ERJ staff report (DS)
Brussels -- New passenger car registrations fell by 9.5% in March, bringing the quarterly figure down to -1.7% compared with registrations in the first three months of last year.
In a context of economic uncertainty generated by the US financial crisis, car sales in Western Europe were affected most by the decline, with monthly registrations dropping by 10.2 percent, whereas the new Member States still posted growth in March (+3.5 percent) and the first quarter (+14.7 percent). The March results were also negatively influenced by the holiday of Easter being celebrated early this year.
Registrations in Western Europe dropped by 10.2 percent in March compared to the same month last year. Only the UK and Portugal saw new car demand rise by 0.5 percent and 5.2 percent respectively. The British market improved compared to January and February, remaining stable in the first quarter (-0.7 percent), although forecasts for GDP growth this year suggest a significant softening.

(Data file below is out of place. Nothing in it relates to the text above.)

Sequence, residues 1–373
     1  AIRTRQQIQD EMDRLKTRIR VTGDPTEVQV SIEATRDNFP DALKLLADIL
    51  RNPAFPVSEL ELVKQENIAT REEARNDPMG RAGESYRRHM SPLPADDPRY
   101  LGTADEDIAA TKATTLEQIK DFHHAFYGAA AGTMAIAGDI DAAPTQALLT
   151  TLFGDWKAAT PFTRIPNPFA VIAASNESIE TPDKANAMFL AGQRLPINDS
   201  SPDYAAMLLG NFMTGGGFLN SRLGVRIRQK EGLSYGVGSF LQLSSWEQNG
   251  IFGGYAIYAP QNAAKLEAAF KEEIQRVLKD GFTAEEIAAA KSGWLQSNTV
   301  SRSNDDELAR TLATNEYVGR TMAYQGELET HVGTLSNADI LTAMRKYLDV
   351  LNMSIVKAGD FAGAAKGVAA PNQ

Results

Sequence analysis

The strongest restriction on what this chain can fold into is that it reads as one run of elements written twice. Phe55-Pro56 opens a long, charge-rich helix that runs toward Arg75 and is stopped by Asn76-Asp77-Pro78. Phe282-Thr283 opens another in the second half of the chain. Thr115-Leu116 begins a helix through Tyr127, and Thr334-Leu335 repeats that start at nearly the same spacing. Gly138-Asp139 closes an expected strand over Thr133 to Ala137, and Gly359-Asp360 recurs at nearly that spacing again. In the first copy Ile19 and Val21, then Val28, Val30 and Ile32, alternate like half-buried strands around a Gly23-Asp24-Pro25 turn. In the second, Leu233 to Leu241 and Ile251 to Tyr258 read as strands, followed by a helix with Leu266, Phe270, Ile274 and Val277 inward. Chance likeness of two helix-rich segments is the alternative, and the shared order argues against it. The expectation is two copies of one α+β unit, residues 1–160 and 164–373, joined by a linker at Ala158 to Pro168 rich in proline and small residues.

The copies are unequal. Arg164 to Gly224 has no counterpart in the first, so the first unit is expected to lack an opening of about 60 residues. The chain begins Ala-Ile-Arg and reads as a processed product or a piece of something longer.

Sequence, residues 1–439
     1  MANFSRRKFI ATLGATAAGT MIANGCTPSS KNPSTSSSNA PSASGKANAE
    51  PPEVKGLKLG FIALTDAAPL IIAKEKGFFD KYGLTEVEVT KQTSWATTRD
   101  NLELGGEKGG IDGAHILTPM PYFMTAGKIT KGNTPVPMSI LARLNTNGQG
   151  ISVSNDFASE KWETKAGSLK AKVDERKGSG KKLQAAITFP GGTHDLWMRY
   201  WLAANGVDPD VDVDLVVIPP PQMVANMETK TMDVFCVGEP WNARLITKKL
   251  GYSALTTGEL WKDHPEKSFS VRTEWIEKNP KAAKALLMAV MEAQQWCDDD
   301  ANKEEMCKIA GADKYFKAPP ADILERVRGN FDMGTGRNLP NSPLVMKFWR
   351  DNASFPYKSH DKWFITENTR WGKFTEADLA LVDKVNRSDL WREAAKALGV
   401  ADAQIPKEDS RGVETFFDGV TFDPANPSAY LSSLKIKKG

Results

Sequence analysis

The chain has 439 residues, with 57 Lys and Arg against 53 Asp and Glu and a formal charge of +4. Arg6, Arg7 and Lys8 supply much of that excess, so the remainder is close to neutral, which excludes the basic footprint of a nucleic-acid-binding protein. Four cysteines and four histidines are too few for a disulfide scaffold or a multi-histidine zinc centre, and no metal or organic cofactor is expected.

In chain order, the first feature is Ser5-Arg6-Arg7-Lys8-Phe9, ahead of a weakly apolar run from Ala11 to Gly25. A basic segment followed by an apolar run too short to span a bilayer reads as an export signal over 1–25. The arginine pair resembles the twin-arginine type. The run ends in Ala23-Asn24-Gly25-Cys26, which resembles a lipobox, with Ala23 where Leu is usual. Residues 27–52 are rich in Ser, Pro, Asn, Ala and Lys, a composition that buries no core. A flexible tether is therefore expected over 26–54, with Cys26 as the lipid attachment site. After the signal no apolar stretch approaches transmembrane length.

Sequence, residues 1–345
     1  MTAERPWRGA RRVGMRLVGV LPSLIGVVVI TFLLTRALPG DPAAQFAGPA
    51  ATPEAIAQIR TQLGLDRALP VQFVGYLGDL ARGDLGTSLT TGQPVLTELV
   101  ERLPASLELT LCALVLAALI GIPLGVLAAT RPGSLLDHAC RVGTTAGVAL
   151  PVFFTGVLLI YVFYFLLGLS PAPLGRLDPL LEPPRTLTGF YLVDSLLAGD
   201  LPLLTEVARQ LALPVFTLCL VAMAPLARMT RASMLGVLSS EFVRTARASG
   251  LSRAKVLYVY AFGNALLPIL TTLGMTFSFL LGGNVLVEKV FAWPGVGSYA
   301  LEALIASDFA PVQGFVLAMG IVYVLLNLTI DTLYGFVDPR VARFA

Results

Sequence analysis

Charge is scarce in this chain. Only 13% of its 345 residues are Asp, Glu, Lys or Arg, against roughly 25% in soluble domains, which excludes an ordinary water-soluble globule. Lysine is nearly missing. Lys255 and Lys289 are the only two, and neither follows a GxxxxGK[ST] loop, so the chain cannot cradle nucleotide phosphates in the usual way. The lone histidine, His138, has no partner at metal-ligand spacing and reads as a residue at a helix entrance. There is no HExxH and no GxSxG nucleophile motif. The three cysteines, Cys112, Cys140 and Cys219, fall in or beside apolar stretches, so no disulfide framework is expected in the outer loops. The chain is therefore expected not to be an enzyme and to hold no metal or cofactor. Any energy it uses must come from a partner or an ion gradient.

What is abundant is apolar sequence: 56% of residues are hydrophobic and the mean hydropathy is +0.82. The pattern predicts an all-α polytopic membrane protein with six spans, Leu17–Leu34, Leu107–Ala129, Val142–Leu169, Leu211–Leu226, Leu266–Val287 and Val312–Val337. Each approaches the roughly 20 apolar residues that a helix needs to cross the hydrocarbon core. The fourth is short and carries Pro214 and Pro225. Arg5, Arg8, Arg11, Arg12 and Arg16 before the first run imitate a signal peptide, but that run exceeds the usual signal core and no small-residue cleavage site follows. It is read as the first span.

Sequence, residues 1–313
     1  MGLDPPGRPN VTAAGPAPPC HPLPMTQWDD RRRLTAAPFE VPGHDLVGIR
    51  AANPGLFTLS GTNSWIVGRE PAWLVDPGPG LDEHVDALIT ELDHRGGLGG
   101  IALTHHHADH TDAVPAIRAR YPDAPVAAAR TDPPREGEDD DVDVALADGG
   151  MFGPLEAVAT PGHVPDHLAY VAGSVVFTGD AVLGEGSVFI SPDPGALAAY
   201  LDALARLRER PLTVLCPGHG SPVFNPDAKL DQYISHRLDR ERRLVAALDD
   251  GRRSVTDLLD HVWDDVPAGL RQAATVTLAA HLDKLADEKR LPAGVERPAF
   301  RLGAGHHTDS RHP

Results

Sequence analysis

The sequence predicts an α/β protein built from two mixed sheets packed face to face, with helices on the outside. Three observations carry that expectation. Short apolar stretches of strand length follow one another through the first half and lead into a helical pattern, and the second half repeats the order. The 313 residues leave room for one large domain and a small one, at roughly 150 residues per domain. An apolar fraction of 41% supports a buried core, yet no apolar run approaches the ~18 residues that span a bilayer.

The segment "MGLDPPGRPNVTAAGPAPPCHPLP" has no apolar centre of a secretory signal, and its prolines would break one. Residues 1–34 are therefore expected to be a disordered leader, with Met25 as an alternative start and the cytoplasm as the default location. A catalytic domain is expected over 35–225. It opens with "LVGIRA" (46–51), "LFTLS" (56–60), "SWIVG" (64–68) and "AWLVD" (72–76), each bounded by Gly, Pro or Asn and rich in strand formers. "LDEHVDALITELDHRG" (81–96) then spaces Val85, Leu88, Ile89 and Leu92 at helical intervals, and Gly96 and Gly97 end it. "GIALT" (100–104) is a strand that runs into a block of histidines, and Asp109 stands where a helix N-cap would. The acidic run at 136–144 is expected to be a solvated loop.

The markets in the new EU Member States remained on a growth path, with eight countries out of ten posting an increase over the first quarter of 2008. Poland registered the most new cars during that period (86,926 units or a 19.5 percent increase). Among the four biggest markets, Romania recorded the largest growth (+23.6 percent or 74,028 units). Hungary registered 42,559 new cars (+3.5 percent), and the Czech Republic 33,026 (+9.7 percent).
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Press release from ACEA